Are There Any Obligations Science Has Towards Society? Term Paper

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¶ … obligations science has towards society?

All human knowledge in the past and present were painstakingly acquired for the benefit of mankind. Though the ancient philosophers sought knowledge for its own sake, they also took care to see that what they gained was disseminated among the masses. Ancient inventions and discoveries, from fire, wheel and those simple things we take for granted have been given to this world by enquiring minds in the past, and these advancements have benefited society. Modern science has undergone a change in the definition and in the method it seeks to gain knowledge. The basic quality of science is that it is based on empiricism. To elaborate, science arrives at the truth of a matter considered by observation, which then is used to create a hypothesis, and the hypothesis is then rigorously tested and verified to come to a conclusion or an irrefutable theory. That is why unlike other human methods of knowledge science is always said to have the most dependable method. (Young, 2001, pp: 4-5) the traditional methods of thought have been replaced by rationalism. That science does contribute to human civilization is a fact, although we cannot measure it in mathematical terms. (Wigner; Wightman; Mehra, 1998, p. 461) the 'little science was promoted by individuals, and even today the individual contributions or group contributions in science, and the 'big science' emerged in areas that required huge investments, and multidisciplinary collaboration. (Wigner; Wightman; Mehra, 1998, p. 460)Get full Download Microsoft Word File access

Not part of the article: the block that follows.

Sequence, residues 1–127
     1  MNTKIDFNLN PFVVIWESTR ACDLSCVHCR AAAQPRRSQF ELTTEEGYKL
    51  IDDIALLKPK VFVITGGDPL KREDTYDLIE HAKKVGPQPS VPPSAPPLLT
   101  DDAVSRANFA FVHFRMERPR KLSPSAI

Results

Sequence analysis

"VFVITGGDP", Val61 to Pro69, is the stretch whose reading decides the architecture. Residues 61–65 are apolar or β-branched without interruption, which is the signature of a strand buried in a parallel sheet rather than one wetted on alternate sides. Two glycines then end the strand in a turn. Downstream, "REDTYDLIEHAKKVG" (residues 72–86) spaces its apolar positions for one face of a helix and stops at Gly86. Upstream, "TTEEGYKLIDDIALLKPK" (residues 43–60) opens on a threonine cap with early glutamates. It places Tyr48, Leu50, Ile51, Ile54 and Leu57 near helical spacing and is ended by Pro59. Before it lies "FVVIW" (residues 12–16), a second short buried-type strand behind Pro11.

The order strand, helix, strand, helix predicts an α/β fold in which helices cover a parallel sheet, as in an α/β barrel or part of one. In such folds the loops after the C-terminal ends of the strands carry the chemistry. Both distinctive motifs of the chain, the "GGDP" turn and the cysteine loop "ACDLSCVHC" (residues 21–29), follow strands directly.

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Term Paper on Are There Any Obligations Science Has Towards Society? Assignment

The scientist however is not infallible and the scientist as a human being carries with him or her seeds of the upbringing, faith and the environment and society. The social and political climate of a country can have its own influence on science. For example research on the history of the Kaiser Wilhelm Society in Germany revealed that where there was a profit or gain to the scientist, the ethics and professional codes of conduct failed, and the individuals collaborated with the system to create or conduct experiments that took on criminal dimensions. The demographic and racial studies of the Nazi regime for example caused extermination of a race of people... That scientist were involved in such experiments have been verified by the study. (Gruss, 2005) the scientists however are compelled by their faiths and mostly by the society they live in to abandon their morals and values, and at times act in a way that is detrimental to the society.

The Role of Science in Society Today